Jones: One in four LGBTQ young people commit suicide, not because of their sexual orientation, but because of how they treated. I agree with Chasten Buttigieg when he said that this bill is going to kill people, because now this is going to put further in the closet young people who don’t have a parent to speak with about their life or their lifestyle. And they depend on someone outside of the parent to be able to share that with, like a teacher. Sometimes children have more respect for their teacher than they have for their parents. And now this is going to put teachers in a position where they don’t know if they’re going to be able to have those conversations, because now teachers are going to be scared of whether or not they can have that conversation with a student.

Q: How likely do you think the legislation is to pass? Are there any potential legal challenges it may face if it does?

Jones: Yes, I believe we are going to see legal challenges. The likelihood of it passing is up in the air only because there are some problems with the bill in its current form. That has also been expressed by Republicans. The cause of action where parents will be able to sue based on whether or not their child is uncomfortable, that was actually one of the main problems that many of the Republican members had with the bill.

Q: President Joe Biden has publicly spoken out against the legislation and said his administration would continue to fight for the protection and safety the LGTBQ community deserves. Do you think the federal government should step in and do something about this issue if the bill is passed?

Jones: Yeah, absolutely. I think that this is a human rights issue. The federal government, as the overseer of human rights, and especially with this current White House that sees what is happening across the country when it comes to this type of legislation. This gives the President and his administration the ability to stand firm, and not just building back better, but making America love again and respect each other again. No matter what your sexual orientation, or your gender identity is. The President had all rights to step in.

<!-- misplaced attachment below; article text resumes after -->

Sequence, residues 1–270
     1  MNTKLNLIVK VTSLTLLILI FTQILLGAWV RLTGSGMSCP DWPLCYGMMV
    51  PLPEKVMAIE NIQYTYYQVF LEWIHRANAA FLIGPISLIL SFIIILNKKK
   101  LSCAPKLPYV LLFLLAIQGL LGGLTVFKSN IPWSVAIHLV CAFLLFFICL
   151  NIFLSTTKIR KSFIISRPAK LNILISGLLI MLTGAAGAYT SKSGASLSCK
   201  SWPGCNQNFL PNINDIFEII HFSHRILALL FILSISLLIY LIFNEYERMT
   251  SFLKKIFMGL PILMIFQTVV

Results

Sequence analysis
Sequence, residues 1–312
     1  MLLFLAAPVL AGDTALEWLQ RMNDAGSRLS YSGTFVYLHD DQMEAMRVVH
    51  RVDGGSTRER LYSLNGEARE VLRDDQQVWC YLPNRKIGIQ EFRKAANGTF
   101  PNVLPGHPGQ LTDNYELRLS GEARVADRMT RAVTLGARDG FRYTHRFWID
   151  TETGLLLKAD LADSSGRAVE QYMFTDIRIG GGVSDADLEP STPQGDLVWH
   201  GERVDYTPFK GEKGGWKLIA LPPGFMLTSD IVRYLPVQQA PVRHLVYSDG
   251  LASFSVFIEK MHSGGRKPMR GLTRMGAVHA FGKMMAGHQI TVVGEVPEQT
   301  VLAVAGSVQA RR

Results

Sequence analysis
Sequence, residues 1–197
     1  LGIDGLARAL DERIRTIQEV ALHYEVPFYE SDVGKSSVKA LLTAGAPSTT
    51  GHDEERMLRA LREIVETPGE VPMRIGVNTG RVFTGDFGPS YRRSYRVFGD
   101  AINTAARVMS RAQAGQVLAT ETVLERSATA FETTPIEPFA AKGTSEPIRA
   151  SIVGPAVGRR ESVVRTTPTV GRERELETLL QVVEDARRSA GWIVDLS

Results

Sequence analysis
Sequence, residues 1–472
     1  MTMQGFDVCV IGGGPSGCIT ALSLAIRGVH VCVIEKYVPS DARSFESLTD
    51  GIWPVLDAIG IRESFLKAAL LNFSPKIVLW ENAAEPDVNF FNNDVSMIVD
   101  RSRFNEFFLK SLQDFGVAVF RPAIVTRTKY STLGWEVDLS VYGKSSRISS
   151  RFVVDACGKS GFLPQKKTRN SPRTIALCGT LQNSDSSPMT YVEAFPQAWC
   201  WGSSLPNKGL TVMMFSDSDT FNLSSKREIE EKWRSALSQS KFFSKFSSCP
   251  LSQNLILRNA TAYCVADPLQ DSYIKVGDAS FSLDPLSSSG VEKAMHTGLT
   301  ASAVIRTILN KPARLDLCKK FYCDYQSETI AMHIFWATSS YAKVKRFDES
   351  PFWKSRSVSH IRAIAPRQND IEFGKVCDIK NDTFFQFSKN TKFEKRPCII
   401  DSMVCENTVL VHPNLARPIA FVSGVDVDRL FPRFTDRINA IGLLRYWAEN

Lobby Up

Ticket sellers would be required to offer transferable tickets to concerts, festivals and sports games if bills moving through the Legislature become law.

SB 1316 and HB 969 would not ban the sale of non-transferable tickets. Instead, it would require platforms to provide consumers with the option of purchasing a ticket “with no limit on transferability” — meaning it can be given from one person to another or even sold on a third-party platform.

The proposal is aimed at loosening Ticketmaster’s grip on the market. The company, a subsidiary of Live Nation Entertainment, owns an estimated 80% of all tickets sold in the U.S. There’s such a thing as being too successful, and Ticketmaster has been accused of crossing into monopoly territory since the grunge era.

Other ticket platforms would benefit if lawmakers OK’d the proposal, but it’s unclear if anyone else would — if deep-pocketed resellers are able to buy up tickets en masse, consumers may end up paying more.

Resellers have been pushing back against that narrative, noting that Ticketmaster has its own resale platform and, under current law, is allowed to confine the tickets it sells to a walled garden.

When the Senate bill was heard in committee this week, lobbyists representing both sides of the issue were in the front row.

Live Nation Entertainment is represented by Michael Corcoran, Matt Blair and Will Rodriguez of Corcoran Partners and Jeff Johnston, Amanda Stewart and Anita Berry of Johnston & Stewart Government Strategies.

On the reseller side: SeatGeek and TickPick are represented by Dean Cannon, Laura Lenhart and Kirk Pepper of GrayRobinson; StubHub is represented by Warren Husband, Jim Daughton, Douglas Bell, Leslie Dughi, Allison Liby-Schoonover, Aimee Lyon, Andy Palmer and Karl Rasmussen of Metz Husband & Daughton; and Vivid Seats is represented by Jonathan Kilman and Paul Lowell of Converge Government Affairs.

Breakthrough Insights

The Next 24

— The Acquisition and Restoration Council will consider issues related to state lands when it meets at 9 a.m. in the Florida Department of Environmental Protection Marjory Stoneman Douglas Building. The meeting will also be viewable online.

— The Florida Board of Clinical Laboratory Personnel will meet at 9 a.m. at the Rosen Shingle Creek in Orlando.

— Democratic Sen. Janet Cruz will hold a news conference outside of Pat Frank Courthouse in Tampa at 1 p.m. to discuss her bill (SB 654) to allow clerks of court to file protective orders with sheriffs’ offices electronically. She will be joined by Hillsborough County Clerk of Court Cindy Stuart, 13th Judicial Circuit Public Defender Julianne Holt and The Spring of Tampa Bay CEO Mindy Murphy.

Full committee agendas, including bills to be considered, are available on the House and Senate websites.

Staff Reports